Warmer weather brings a season of critters including intestinal and heart worms. When your pet has intestinal worms, it can be alarming but there is a wide array of treatment options available to rid the worms from your pet. There are also many preventatives for heartworms and intestinal worms, making it easy to keep the infestations at bay. The large amount of different wormers available can be confusing and hard to evaluate. This article, along with your veterinarian’s recommendations, can help you choose between the various de-wormers and preventative treatments against worms.
The right intestinal parasite ID is key:
An accurate identification of the worm is key in treating your pet’s infestation because most products are selective for certain worms. Heartworms will not be visible to you, but your pet will be experiencing serious symptoms such as cough, exercise intolerance, and abnormal lung sounds. These symptoms warrant an immediate visit to a veterinarian and possible hospitalization. When your pet has intestinal worms, you will likely notice the worms in their stools or surrounding fur. Your veterinarian will probably be able to diagnose the intestinal worm with just a description, but some worms require an exam or stool sample for diagnosis.
Some of the most common worm infestations in dogs and cats include whipworms, heartworms, roundworms, hookworms, and tapeworms. Some of these worms are different in appearance and some are alike, making it hard to distinguish between them. This is especially true for the different types of tapeworms. There is a type called dipylidium caninum and they’re transmitted through infected fleas. They still resemble the appearance of other tapeworms, however these tapeworms are not always killed by the same medications as other tapeworms. It is important to talk to your veterinarian about any intestinal or heartworm infestation, because an accurate diagnosis and treatment is necessary to prevent complications and treatment failure.
More importantly, prevention:
The most important principle with worm infestations is preventing them from happening in the first place. There are several ways to keep worms at bay including keeping stools picked up, avoiding infested areas/pets, proper flea control, etc. You can also choose to use a preventative medication. These medications are usually administered monthly to your pet and can prevent and/or treat certain worm infestations. Heartworm preventative medications are necessary in almost all dogs because of the serious nature and frequency of heartworm infestation. All of the worm preventative medications work against heartworms for this reason but the products vary in what other worms they prevent or treat. You should also initiate worm prevention after an active infestation in your pet to reduce the chance of them coming back. Talk to your local veterinarian about specific ways to prevent worm infestations in your pet.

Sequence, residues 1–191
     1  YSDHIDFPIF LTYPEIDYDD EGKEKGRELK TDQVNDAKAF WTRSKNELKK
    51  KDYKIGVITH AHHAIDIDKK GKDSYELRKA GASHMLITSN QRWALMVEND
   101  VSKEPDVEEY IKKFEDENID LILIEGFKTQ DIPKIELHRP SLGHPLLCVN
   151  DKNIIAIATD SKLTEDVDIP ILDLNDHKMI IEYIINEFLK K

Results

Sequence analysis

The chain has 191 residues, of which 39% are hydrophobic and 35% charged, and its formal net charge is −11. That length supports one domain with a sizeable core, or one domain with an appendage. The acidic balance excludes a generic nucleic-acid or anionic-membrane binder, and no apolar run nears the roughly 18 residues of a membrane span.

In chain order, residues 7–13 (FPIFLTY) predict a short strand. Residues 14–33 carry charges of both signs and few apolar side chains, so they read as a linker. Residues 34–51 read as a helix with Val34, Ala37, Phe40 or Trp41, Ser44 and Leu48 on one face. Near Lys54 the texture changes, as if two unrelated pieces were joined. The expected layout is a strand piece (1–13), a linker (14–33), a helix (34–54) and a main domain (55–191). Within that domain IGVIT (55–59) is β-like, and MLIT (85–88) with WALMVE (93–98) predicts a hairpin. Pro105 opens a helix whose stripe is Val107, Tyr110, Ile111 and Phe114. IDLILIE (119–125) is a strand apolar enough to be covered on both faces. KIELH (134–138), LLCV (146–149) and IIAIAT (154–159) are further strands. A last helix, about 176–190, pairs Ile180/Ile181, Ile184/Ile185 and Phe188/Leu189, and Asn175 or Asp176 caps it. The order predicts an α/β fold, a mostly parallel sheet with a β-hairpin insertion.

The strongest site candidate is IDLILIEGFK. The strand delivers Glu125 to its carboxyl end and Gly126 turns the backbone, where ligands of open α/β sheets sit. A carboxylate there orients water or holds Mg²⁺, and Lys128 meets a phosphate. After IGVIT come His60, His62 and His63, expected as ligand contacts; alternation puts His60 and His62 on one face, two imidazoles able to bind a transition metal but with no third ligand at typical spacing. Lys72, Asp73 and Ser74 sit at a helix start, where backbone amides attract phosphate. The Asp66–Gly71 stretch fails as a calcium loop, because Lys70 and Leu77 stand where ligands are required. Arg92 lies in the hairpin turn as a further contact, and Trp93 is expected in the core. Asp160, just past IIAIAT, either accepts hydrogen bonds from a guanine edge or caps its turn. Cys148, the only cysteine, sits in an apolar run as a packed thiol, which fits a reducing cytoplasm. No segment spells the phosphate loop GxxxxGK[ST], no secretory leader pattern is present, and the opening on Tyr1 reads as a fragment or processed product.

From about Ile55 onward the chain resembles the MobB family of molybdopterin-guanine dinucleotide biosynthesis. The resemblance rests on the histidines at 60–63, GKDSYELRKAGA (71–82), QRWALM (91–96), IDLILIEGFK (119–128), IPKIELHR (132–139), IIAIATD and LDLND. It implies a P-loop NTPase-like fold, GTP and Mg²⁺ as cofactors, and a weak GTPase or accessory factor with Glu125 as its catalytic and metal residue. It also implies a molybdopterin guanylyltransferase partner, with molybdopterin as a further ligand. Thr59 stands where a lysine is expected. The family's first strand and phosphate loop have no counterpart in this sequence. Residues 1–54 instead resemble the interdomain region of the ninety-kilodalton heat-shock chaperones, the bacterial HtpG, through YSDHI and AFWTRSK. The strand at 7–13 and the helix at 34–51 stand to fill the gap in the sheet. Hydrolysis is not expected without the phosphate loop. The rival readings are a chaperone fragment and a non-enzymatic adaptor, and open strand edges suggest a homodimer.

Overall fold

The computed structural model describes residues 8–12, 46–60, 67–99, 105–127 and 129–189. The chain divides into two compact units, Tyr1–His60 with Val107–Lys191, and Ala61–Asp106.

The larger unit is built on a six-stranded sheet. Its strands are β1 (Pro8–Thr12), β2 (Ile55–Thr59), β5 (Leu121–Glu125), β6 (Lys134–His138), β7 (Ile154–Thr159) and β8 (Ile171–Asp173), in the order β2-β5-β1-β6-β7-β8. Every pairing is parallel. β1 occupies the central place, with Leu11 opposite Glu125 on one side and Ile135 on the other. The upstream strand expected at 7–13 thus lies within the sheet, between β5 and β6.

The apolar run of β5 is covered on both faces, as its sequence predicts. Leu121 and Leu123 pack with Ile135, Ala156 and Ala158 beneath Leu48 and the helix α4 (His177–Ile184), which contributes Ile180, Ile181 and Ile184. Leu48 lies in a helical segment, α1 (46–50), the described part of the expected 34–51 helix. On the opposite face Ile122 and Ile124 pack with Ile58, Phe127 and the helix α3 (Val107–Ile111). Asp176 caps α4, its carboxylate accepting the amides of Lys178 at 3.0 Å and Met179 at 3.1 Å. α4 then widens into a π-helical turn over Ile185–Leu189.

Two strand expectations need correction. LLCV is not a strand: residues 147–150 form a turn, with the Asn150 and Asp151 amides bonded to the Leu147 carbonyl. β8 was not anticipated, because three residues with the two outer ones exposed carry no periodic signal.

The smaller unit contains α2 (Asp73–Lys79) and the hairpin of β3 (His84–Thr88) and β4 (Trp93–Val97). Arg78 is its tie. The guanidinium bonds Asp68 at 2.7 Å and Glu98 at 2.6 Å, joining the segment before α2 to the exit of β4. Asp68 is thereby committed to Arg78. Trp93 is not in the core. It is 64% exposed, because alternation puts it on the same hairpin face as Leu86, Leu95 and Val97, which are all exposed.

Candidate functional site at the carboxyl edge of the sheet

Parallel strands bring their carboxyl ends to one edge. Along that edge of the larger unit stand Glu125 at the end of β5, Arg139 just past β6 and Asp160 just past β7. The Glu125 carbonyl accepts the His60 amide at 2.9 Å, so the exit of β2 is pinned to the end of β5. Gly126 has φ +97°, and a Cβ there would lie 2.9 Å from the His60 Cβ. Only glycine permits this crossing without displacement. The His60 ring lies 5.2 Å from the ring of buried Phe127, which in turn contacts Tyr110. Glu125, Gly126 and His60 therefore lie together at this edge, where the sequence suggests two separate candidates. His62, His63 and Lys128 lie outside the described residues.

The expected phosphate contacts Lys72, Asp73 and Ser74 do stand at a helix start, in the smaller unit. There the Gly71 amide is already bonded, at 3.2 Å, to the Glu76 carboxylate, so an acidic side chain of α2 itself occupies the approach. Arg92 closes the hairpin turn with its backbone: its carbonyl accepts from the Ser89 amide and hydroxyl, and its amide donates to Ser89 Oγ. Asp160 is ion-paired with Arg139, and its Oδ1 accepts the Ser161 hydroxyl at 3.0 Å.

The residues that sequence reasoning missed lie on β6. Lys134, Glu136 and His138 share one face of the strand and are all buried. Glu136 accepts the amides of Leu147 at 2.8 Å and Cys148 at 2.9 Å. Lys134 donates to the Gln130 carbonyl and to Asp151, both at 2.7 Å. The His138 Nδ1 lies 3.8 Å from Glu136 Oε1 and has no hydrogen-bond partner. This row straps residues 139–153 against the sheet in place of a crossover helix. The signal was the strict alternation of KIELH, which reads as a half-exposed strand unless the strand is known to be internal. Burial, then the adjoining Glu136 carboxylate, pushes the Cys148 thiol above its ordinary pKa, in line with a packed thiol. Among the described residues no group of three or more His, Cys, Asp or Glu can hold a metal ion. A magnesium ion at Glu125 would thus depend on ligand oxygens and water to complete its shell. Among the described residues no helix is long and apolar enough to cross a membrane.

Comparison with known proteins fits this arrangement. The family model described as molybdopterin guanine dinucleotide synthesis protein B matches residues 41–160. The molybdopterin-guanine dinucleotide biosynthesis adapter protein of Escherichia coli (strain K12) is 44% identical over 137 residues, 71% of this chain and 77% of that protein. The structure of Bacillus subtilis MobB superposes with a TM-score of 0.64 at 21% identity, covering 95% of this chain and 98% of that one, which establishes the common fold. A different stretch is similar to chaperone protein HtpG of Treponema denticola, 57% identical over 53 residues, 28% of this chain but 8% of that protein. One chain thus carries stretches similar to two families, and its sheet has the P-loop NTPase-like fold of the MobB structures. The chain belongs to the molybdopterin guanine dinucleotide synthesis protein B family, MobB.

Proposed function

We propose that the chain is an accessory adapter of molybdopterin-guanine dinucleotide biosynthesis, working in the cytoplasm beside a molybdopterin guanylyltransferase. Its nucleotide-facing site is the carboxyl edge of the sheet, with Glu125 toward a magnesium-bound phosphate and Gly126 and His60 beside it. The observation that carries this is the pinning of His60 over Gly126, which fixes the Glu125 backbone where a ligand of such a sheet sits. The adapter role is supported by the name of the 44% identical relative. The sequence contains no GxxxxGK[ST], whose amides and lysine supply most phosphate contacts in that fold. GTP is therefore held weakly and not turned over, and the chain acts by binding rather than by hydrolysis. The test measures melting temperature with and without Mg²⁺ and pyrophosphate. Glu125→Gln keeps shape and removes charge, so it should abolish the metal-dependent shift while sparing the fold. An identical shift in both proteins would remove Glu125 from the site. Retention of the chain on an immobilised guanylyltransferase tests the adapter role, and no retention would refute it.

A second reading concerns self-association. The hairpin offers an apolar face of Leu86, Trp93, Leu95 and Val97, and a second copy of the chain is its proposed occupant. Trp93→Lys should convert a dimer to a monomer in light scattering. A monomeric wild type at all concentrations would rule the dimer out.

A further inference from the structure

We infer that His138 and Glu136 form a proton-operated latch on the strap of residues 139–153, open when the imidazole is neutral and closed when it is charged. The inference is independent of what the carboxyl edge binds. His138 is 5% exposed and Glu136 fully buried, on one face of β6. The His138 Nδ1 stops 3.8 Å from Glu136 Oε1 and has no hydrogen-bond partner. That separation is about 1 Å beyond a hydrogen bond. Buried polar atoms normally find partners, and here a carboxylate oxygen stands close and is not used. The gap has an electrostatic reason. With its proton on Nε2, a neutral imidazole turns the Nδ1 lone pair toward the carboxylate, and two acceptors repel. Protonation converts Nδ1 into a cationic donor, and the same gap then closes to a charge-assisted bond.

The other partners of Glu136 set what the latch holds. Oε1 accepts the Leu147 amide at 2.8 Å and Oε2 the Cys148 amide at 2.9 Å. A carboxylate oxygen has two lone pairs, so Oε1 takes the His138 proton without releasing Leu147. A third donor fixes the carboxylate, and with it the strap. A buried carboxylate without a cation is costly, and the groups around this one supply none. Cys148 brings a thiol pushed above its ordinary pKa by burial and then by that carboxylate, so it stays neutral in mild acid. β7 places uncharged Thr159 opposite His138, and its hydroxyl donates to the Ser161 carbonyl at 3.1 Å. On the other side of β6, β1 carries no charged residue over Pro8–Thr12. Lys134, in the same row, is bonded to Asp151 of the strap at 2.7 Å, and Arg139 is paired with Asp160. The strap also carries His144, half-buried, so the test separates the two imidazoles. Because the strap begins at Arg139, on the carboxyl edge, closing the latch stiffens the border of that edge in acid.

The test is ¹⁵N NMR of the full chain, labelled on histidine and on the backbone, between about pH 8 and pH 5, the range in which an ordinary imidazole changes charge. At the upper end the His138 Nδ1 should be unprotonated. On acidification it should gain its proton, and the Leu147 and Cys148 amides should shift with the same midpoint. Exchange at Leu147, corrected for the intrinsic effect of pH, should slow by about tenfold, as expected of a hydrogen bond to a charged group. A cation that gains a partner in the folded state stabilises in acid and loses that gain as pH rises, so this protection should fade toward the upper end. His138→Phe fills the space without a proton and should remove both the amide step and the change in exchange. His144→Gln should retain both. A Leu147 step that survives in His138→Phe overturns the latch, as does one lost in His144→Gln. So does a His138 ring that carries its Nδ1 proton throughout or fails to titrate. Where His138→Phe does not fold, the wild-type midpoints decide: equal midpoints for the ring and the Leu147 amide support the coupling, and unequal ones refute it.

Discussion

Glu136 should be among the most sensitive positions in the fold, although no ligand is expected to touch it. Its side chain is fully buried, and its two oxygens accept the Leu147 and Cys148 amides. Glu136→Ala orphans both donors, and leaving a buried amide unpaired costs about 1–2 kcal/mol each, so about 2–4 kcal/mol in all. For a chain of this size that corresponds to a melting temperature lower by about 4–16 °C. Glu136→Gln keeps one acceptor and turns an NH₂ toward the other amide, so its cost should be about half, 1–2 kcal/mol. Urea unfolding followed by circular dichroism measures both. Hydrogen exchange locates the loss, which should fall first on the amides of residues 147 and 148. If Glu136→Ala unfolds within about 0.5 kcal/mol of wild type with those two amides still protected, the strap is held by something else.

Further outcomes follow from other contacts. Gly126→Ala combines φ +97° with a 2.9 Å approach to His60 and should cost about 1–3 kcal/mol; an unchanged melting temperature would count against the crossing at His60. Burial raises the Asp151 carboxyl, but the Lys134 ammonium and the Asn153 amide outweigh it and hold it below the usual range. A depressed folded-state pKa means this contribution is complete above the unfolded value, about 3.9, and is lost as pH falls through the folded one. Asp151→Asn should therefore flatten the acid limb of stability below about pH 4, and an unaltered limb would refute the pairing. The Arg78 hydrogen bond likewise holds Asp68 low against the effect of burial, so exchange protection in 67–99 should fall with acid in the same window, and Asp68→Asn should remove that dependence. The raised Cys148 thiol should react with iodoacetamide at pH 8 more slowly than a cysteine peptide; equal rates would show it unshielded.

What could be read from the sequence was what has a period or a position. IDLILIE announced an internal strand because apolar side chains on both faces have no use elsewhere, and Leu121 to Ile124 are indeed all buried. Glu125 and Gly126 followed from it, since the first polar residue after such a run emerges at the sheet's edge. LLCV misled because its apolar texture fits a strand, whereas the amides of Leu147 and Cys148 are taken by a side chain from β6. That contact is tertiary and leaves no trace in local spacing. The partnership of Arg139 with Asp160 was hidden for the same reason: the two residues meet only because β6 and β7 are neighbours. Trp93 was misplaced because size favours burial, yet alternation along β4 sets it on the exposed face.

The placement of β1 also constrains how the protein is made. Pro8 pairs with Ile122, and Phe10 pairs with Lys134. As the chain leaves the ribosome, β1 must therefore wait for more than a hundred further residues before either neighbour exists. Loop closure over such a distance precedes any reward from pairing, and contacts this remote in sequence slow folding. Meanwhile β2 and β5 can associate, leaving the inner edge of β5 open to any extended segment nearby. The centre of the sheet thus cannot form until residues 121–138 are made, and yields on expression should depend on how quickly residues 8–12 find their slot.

The two tables below display the various de wormers carried at VetRxDirect and what they are labeled to treat. The first table is the treatments we carry for pets with active intestinal worm infestations. Please note there are no heartworm treatment options from VetRxDirect because it’s an infestation requiring immediate and serious medical attention by your veterinarian. The second table shows the preventatives we carry for heartworms and intestinal worms. These tables can be used to supplement your veterinarian’s recommendations for purchasing worm treatments and preventatives.
Oral Dewormers for Active Parasite Infestation in Pets:
Prescription Monthly Preventatives/Dewormers for Heartworms and Intestinal Parasites:
Take-home message about dewormers:
Prevention of worm infestations is one of the most important components for your pet’s healthy lifestyle. When prevention fails, the most effective way to treat your pet’s worm infestation is to have your veterinarian diagnose and prescribe medications specifically for your pet. OTC medications can be used with veterinarian approval or they may suggest a prescription product for your pet. Once the worms have been rid from your pet, it is important to initiate preventative measures or medications. Your veterinarian is a great resource to contact about preventing a re infestation in your pet.
What dewormers and worm preventatives have you given your pet? Did they work well? Let us know by leaving comments below or by clicking the ‘Reviews’ tab on any the dewormers or preventatives included in this post. Thank you.